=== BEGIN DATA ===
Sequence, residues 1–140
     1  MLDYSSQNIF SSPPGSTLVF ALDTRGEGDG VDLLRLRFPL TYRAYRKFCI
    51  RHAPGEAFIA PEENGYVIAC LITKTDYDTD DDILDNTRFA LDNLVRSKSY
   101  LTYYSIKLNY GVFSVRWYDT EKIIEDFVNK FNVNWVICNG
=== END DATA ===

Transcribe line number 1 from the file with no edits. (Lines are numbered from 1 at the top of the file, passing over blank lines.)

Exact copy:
Sequence, residues 1–140